Care and Maintenance of a Bamboo Floor

Again like hardwood, care and maintenance is relatively simple. Regular sweeping with a soft-bristled broom, cleaning with a dust mop or attention from a soft-bristled vacuum cleaner should maintain good condition. Spills should be mopped up immediately as it is unwise to allow liquids to soak into bamboo flooring. Stains should be wiped away with a damp cloth and then the area dried with a soft towel or cloth. Be careful of using oils, waxes and abrasive cleaners on the floor surface – the best thing is to follow manufacturer’s recommendations.

A Great Choice!

A material that has been deservedly gaining recognition and popularity in recent years, bamboo is an ideal choice for anyone wanting eco-friendly flooring. Not only is it truly sustainable but it also provides a unique look that matches everything from urban, contemporary to more classic, traditional styles. While it is still a relatively “exotic” and new flooring option, it can be more expensive than traditional materials but its many practical and environmental benefits make it a worthwhile investment.

You might also like...
Share Your Story, Join the Discussion or Seek Advice..
Why not be the first to leave a comment for discussion, ask for advice or share your story...

If you'd like to ask a question one of our experts (workload permitting) or a helpful reader hopefully can help you... We also love comments and interesting stories

Title:
(never shown)
Firstname:
(never shown)
Surname:
(never shown)
Email:
(never shown)
Nickname:
(shown)
Comment:
Validate:
Enter word:
Topics
Latest Comments
  • Confused
    Re: Eco-Friendly Alternatives to Carpets
    Hi. We are buying a boat and wish to have non toxic carpets. Any ideas would be much appreciated. Many thanks Rose
    23 October 2017
  • Rob
    Re: Eco Friendly Underlay Options
    @steven - Have you got any damp? I think I'd be inclined to take it up and have a look first to see what the issue is. What is…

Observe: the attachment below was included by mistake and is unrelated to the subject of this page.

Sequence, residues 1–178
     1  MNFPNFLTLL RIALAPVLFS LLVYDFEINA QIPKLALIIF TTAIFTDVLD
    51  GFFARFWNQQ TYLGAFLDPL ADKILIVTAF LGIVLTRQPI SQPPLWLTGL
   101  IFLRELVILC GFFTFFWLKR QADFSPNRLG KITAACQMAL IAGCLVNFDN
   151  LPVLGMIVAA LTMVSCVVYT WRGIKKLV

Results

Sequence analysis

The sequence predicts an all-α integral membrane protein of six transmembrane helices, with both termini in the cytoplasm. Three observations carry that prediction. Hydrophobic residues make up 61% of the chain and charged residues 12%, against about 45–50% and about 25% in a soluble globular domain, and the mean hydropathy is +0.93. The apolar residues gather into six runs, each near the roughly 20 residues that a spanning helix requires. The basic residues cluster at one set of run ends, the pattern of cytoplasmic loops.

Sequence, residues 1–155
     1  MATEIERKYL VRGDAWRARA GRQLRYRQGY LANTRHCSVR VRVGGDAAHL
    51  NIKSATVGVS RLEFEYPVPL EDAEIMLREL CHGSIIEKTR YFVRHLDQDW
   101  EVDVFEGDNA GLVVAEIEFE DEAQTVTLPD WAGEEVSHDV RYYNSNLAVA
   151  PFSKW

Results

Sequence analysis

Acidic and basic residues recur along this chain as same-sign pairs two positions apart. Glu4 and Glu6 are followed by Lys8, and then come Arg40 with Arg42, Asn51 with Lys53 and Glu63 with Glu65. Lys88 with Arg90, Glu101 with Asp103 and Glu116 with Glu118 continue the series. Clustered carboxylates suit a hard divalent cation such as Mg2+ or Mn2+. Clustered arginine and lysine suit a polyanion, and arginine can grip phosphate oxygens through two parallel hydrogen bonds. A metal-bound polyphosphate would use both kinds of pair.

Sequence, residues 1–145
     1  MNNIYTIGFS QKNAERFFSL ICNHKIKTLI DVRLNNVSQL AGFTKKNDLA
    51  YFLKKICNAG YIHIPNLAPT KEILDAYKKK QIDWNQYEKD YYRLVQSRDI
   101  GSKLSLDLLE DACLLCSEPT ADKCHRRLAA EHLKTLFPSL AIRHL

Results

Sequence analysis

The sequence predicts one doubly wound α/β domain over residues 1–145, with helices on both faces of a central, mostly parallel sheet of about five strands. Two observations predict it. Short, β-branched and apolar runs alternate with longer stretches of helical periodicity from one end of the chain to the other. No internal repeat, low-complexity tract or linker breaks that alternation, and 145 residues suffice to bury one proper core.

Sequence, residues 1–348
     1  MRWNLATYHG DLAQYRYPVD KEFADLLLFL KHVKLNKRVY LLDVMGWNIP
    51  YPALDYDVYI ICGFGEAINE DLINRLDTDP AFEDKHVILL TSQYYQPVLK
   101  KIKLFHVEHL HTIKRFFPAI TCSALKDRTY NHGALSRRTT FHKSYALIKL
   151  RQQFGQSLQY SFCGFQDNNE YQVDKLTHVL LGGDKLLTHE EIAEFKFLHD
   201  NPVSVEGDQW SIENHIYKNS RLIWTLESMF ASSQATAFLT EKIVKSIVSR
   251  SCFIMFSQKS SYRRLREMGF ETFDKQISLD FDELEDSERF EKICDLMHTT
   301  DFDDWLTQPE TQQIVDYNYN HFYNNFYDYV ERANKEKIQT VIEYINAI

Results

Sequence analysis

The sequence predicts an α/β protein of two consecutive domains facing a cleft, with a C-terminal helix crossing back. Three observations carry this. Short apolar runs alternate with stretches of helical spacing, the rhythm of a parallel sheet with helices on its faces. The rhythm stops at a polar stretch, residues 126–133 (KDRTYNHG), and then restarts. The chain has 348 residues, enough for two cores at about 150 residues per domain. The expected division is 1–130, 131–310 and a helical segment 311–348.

5 October 2017
  • steven
    Re: Eco Friendly Underlay Options
    hi. wondering if you can give advice of what to do with a carpet that still smells 'yeasty' more than a year after it was put…
    4 October 2017
  • rosie
    Re: Eco-Friendly Rubber Floor Tiles
    Hi I am looking for a non slip flooring for a disabled bathroom approx 3mx4m and ensuite 2m x 1.5m, can you please advise a…
    17 July 2017
  • fuge
    Re: The Impact of Quarrying
    how can this be controlled effectively?
    11 May 2017
  • Pet Owner
    Re: Non Toxic and Sustainable Flooring Suitable for Children
    My husband insisted on having carpets upstairs for 'luxury'. Hardly necessary for what little…
    14 April 2017
  • SustainableFloors
    Re: Cork Flooring
    Pia - Your Question:Cork flooring is not as natural as is made out. A binder is used - as far as I could find out (hard to get this info from manufactu
    10 August 2016
  • Pia
    Re: Cork Flooring
    Cork flooring is not as natural as is made out. A binder is used - as far as I could find out (hard to get this info from manufacturers) usually it…
    9 August 2016
  • Omonu
    Re: The Impact of Quarrying
    Assessment of dust and noise emission and impact on neighbouring communities
    24 July 2016
  • SustainableFloors
    Re: Seagrass Flooring
    Mona - Your Question:Hi, I am an interior designer looking for Eco friendly flooring for my client. I was wondering if it possible to order…
    13 May 2016
Further Reading...
Our Most Popular...
Add to my Yahoo!
Add to Google
Stumble this
Add to Twitter
Add To Facebook
RSS feed
You should seek independent professional advice before acting upon any information on the SustainableFloors website. Please read our Disclaimer.